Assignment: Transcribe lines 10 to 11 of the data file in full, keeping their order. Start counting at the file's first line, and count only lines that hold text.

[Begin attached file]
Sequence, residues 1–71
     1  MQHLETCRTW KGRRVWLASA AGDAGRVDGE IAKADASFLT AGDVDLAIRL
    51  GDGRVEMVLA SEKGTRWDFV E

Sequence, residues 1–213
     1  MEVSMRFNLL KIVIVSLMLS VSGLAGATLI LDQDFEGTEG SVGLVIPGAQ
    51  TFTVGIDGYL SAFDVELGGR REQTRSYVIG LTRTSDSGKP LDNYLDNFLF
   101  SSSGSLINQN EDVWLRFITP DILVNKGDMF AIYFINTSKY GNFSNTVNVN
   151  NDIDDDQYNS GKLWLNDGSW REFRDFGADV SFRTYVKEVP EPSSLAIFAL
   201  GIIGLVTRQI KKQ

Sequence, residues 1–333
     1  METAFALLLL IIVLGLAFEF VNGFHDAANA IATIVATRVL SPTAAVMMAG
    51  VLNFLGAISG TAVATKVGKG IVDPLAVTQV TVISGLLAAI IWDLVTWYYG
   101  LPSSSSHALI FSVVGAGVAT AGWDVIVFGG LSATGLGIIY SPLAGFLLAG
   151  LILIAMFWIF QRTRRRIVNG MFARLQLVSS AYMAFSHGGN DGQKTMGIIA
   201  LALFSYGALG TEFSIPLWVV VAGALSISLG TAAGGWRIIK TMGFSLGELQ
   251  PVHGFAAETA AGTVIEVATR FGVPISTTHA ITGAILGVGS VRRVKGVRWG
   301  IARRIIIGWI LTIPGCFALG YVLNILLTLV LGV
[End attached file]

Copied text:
Sequence, residues 1–333
     1  METAFALLLL IIVLGLAFEF VNGFHDAANA IATIVATRVL SPTAAVMMAG